NADMES Pattern Making

Jump to:   Why Castings,     Designing a Pattern,     Allow Shrinkage,     Getting It Cast

1.  Why we need Castings.

There are a number of occasions when an unusually shaped part is required for a model that may be either difficult to fabricate, or wasteful or difficult to machine from solid.  This often applies to larger objects (in model engineering terms), and for these, a casting is often the solution.

Examples of such would be spoked wheels, cylinder blocks and steam domes, and as evidenced by the number of suppliers offering castings for many designs of locomotives, traction engines and other items, they are obviously popular.

Here are a couple of pictures of a wheel made from cast iron, first as supplied; and then as finished after being turned on a lathe, and drilled.

But if the particular casting you require is not commercially available, you could choose to make a 'pattern', then find someone to 'cast' it in metal for you.  This item will discuss patterns required for Sand Casting, which covers the larger type of castings used in model engineering.  (For smaller, finely detailed parts "lost wax" casting is often used; this uses softer, lower melting point metals and alloys.)

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2.  Designing a pattern - general principles.

Pattern making for model engineering is quite straight forward for many parts we use.  Essentially, the idea is to produce objects in the shape of the parts we want to produce, but excluding small holes or details which can be machined in later.  Where a number of parts are designed to fit closely together, they need to be designed a little oversize to allow for machining to exact size later.

However, unlike the finished part, which will be produced in solid metal, the pattern will not be subjected to heat, nor does it need to be terribly strong; so can be made from virtually anything.  This allows a number of ways of creating your shape, which can be cut from solid, fabricated, or cast; using wood, metal, fibreglass, car filler etc.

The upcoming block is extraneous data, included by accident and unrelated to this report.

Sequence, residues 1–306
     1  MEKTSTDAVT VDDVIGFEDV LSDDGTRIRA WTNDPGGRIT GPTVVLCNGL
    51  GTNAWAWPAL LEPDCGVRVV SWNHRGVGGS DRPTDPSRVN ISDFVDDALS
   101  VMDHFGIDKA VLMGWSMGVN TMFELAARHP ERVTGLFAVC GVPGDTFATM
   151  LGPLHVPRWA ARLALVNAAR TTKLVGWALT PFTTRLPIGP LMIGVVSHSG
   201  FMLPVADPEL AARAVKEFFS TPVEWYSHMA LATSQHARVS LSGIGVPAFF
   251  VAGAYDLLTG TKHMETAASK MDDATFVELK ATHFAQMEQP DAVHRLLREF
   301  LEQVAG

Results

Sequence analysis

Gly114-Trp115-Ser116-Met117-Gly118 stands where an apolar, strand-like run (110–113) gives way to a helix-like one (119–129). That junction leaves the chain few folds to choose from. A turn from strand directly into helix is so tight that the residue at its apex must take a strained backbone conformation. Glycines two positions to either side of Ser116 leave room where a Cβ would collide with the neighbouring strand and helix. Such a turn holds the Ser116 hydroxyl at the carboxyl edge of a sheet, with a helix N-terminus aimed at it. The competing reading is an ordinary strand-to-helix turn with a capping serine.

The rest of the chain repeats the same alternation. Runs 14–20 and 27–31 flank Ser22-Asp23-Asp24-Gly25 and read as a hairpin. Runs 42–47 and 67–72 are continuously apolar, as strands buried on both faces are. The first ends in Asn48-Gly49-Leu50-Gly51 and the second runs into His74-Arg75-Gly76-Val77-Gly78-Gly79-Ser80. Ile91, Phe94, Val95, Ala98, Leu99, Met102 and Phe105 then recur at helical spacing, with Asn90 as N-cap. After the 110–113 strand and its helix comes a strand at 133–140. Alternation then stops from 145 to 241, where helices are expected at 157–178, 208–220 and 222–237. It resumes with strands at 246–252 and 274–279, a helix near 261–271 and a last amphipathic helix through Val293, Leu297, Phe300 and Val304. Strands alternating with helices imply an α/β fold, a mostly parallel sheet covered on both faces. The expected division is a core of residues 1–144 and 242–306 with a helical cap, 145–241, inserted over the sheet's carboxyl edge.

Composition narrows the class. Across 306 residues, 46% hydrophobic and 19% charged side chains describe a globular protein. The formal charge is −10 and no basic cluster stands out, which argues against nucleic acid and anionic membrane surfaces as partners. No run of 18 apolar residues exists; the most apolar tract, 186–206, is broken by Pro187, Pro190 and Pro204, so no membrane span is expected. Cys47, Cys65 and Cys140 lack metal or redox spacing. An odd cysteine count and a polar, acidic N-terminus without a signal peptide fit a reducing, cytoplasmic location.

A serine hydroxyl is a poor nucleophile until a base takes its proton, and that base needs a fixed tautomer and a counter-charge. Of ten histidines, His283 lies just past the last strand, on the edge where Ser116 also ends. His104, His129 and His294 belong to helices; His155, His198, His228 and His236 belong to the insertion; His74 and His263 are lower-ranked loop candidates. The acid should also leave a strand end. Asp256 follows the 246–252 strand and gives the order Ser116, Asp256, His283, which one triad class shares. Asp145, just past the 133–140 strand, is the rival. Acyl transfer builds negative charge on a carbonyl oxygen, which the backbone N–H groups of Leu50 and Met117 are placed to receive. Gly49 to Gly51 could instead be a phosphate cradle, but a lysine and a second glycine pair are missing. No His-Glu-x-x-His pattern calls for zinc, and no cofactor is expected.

Although not intended to be exhaustive, here are some pointers to good pattern design:

  • Avoid sharp corners, angles and fillets
  • Avoid sharp section changes (blend smoothly)
  • Avoid large flat areas (use ribs and serrations)
  • Allow for shrinkage (see next section)
  • Design parting line in appropriate location
  • Design in draft angles (to release casting from mould)
  • Do not ask process to deliver unreasonably high tolerances
  • Allow extra material for surface finishing
  • Consider stress relieving
  • Enlist the help of a casting company to do the casting.
  • Patterns should be made with the person who has to cast them in mind.
    The finished surface should be smooth and shiny, so that sand will not stick to it.

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    3.  Allow for shrinkage - required oversize dimensions.

    Due to the fact that molten metals contract when they cool, and by different amounts, the pattern needs to be designed oversize according to the material in which the item is to be cast.
    Also, sand casting does not produce a perfect surface finish, and can be quite grainy.  So depending on what is being cast, an additional allowance for machining may be required, in order that the 'skin' of the metal is cut away to give a uniform smooth finish.  This is obviously critical for things like wheel treads and cylinder bores, but not for wheel spokes which would just be cleaned up with a file.

    Below is a table showing the dimensional increase required to make a pattern correctly oversize.  Where critical, check with the foundry, if known, as shrinkage rates can vary considerably with castings methods, and pouring temperatures.

    Table of Metals, showing Pattern oversize required,
    Finishing Allowance, and minimum Wall Thickness

    Metal Pattern Oversize Factor
    (each direction)
    Finish Allowance
    (smaller number for larger sizes)
    Wall mm
    Aluminum 1.08 - 1.12 0.5 to 1.0 % 4.75
    Copper alloys 1.05 - 1.06 0.5 to 1.0 % 2.3
    Gray Cast Iron 1.10 0.4 to 1.6 % 3.0
    Nickel alloys 1.05 0.5 to 1.0 % N/A
    Steel 1.05 - 1.10 0.5 to 2.0 % 5.0
    Magnesium alloys 1.07 - 1.10 0.5 to 1.0 % 4.0
    Malleable Irons 1.06 - 1.19 0.6 to 1.6 % 3.0

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    4.  Getting It Cast.

    Having made or obtained a pattern, the next job is to get it cast.  However, unless you are determined, it really isn't worth the considerable effort to do it yourself.  By far the most cost effective way is to have it cast by a foundry.
    Certain suppliers of locomotive castings also accept customer's own patterns for casting.

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